The missing link to unlock growth is Go-To-Market Fit; the biggest hurdle, Unlearning5 min read

go-to-market fir

This guest post about go-to-market fit is by Bob Tinker, Co-author of Survival to Thrival: Building the Enterprise Startup: Change or be Changed. Bob is also a Seed Investor, as well as a former Enterprise CEO. He will be speaking at SaaStock West Coast this September alongside his co-author and Storm Ventures MD, Tae Hea Nahm. You can still grab a ticket to see them as well as over 20 other excellent speakers in San Francisco.

As an early-stage investor, I have met with hundreds of CEOs and founders and worked closely with over eighty teams in which I invested. Some were successful, some were not. I have seen companies hit the wall and die within a year. Yet some successfully unlock growth and go on to pass $100m / year in revenue.  Why the difference?

That’s the question that me and my co-author, Tae Hea Nahm from Storm Ventures, set about quantifying in our book series Survival to Thrival, and what we will share in our SaaStock talk this September.

Some of the macro patterns might be obvious – right market, right team, right product. But that isn’t always enough to explain why some startups make it happen and some don’t. There are other common patterns.

Pattern #1:  Companies that get to Product-Market Fit (PMF) and win their first set of customers, but then never seem able to unlock growth

Many entrepreneurs think that finding PMF is enough. Indeed it generates early excitement, but why do many fail to then accelerate from $1M in ARR to $20M ARR and then to $50M in ARR?   In the first part of our talk, my co-author (Tae Hea Nahm) and I will talk about the missing link between PMF and unlocking growth. We call it ‘Go-to-Market Fit’ (GTM fit). We noticed that companies which had unlocked growth had:

1. Found urgency
2. Nailed their go-to-market fit model
3. Built a repeatable go-to-market playbook to find and win customers over and over again.

They were able to transcend from founder-led selling to predictable, repeatable, and scalable growth.  This means a company (and its investors) can now run a model: invest more capital in sales, marketing, product, and generate predictable growth!  Sounds perfect, right?  But maybe not.

Pattern #2:  Once growth unlocks, all hell breaks loose for the team. 

It’s really hard on them.

As a startup begins to accelerate, the company changes.  Therefore everyone’s job changes right underneath them. It applies to everyone from the CEO to the middle managers/leaders, even to the board. What used to work suddenly stops working. It’s maddening and frustrating for them, yet it’s totally normal.

This is what we will focus on in the second part of our talk, and the focus of the second book in our series – Change or Be Changed. There is little institutional knowledge passed down to help startup leaders adapt to change. We collected a load of anecdotes on lessons learned, from entrepreneurs who succeeded and failed to navigate the personal changes that come with growth.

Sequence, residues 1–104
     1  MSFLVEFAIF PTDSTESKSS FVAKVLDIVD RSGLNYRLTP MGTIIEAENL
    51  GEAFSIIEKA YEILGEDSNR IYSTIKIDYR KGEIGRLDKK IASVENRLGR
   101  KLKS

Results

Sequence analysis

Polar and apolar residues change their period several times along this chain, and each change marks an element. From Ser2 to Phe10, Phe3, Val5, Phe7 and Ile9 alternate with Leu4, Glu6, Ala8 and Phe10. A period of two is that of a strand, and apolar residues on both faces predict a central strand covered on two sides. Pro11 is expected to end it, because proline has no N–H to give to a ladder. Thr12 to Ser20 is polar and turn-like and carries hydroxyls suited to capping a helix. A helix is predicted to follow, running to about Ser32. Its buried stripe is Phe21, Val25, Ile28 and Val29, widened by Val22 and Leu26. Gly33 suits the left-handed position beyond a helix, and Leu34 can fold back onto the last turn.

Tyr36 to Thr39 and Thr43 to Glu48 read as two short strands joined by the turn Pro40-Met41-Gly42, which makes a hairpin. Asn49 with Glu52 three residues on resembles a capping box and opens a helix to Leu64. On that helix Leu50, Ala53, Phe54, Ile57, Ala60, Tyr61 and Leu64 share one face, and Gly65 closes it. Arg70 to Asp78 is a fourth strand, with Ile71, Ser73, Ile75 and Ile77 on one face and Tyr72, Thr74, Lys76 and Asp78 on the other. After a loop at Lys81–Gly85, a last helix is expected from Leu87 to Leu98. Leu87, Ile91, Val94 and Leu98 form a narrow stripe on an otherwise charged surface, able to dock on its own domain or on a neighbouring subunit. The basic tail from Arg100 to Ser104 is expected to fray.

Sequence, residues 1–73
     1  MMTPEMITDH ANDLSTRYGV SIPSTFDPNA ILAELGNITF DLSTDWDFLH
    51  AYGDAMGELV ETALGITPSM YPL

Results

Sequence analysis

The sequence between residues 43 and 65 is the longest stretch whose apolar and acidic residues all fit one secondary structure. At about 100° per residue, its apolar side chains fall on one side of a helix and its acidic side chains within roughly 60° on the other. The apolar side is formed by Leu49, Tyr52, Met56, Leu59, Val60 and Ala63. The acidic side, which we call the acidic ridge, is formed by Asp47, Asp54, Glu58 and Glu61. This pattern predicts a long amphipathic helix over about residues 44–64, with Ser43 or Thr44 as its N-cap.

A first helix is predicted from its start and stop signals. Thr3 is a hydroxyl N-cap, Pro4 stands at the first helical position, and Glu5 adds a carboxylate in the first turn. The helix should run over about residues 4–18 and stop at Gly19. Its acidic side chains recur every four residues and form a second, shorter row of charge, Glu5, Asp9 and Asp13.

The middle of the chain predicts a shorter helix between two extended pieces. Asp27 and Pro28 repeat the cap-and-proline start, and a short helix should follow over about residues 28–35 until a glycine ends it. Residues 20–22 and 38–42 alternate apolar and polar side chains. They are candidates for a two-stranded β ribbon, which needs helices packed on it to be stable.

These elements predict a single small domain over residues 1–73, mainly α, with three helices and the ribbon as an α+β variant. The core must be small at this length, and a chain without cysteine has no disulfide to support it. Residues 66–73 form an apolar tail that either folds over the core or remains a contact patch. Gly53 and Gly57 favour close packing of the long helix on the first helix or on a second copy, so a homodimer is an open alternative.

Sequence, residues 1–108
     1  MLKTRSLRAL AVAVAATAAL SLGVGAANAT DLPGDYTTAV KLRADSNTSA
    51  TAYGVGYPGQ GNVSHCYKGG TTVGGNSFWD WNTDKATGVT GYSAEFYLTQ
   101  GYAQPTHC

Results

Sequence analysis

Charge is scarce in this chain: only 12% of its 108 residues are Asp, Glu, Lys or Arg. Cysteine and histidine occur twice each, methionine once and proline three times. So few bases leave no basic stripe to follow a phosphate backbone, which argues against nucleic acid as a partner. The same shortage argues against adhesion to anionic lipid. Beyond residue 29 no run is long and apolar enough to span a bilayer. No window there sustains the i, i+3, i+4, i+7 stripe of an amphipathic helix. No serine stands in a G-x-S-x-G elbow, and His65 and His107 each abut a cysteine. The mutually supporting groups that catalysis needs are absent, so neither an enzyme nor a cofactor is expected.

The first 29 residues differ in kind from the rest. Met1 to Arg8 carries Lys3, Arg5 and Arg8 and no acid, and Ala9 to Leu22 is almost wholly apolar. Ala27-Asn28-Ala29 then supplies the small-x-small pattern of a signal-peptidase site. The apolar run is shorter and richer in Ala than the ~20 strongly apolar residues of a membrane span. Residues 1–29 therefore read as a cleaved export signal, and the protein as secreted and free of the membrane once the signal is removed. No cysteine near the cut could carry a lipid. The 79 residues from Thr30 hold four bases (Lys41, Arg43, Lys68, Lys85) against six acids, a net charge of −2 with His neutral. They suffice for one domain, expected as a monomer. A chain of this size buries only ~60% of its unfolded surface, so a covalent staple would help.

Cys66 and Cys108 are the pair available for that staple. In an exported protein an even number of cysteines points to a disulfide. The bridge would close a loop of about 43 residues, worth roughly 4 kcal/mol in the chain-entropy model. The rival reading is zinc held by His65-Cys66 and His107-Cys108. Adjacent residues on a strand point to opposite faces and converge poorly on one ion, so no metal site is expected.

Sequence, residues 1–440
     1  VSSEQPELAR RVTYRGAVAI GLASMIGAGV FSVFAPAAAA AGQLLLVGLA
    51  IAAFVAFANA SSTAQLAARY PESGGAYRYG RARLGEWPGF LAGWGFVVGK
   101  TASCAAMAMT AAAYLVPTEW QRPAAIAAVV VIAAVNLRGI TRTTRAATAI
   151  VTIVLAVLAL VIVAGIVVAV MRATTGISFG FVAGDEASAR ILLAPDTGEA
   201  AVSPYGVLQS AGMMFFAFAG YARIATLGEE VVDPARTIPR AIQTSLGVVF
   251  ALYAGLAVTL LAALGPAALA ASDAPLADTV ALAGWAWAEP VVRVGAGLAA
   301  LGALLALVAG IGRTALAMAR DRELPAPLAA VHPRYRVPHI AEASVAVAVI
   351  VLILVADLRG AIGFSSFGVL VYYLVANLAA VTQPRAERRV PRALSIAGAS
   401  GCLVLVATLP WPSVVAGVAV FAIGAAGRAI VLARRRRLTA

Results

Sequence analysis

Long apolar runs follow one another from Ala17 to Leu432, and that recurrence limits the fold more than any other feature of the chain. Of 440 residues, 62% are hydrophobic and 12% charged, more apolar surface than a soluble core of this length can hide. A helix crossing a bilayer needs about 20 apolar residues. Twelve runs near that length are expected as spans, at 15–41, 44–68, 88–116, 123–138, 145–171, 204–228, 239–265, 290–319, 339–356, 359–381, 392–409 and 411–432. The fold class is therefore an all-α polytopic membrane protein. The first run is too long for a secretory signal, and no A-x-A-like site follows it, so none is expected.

So, how does the team adapt?  

The key is counter-intuitive. We call it Unlearning. The very behaviors and skills that were critical to a leader’s success at one stage now become liabilities and hold the leader back.  It’s extremely awkward and fosters insecurity for everyone, including the CEO, who often finds it the hardest.

Few examples:

  • Product-centric founding CEOs. Product-centric founding CEOs can be magic for early-stage companies.  But when those CEOs must become the CEO of a large company, painting a vision and an execution plan for not just the product, but for the customers, finance and the team.
  • Letting go, enabling grade-A executives to lead. When the CEO hires the first “Grade-A” role such as a VP of Sales. Adding this is critical to company growth, but it can make a CEO and others uncomfortable because they will be more of an expert in this area than the founding CEO. The VP will push everyone in the company—the CEO, the product team, the marketing team—to the next level. They may point out that early customer-acquisition processes that were the pride of the company were actually a one-off, unrepeatable sale, and will demand that the company develop a repeatable sales model (a playbook).

Failing to ‘unlearn’, often dooms a leader or startup with a lot of potential, to failure.  But it’s not all doom and gloom. Unlearning is an invigorating and transformational personal and professional experience for everyone—even if painful and turbulent in the moment.  Successfully navigating change and growth depends on a strong cultural foundation. It becomes the fabric that holds a team together through the turbulence of change.

The good news is discomfort that comes with growth and unlearning is normal. Embrace the discomfort. It’s a sign you’re on the right path. Successfully accelerating a tiny startup to become a category leader is crazily difficult, but a profoundly satisfying experience that creates enormous value. It starts with seeking go-to-market fit and being willing to unlearn.

Bob Tinker and Tae Hea Nahm will be speaking at SaaStock West Coast on September 10-11 in san Francisco. There, they will be joined by Santu Subotovsky, General Partner, Emergence Capital; Sarika Garg, Chief Strategy Officer, Tradeshift; Dan Martell, Cheif Instigator, SaaS Academy and many others. Grab your ticket now

Their latest book Survival to Thrival: Building the Enterprise Startup: Change or be Changed is published by Mascot Books.

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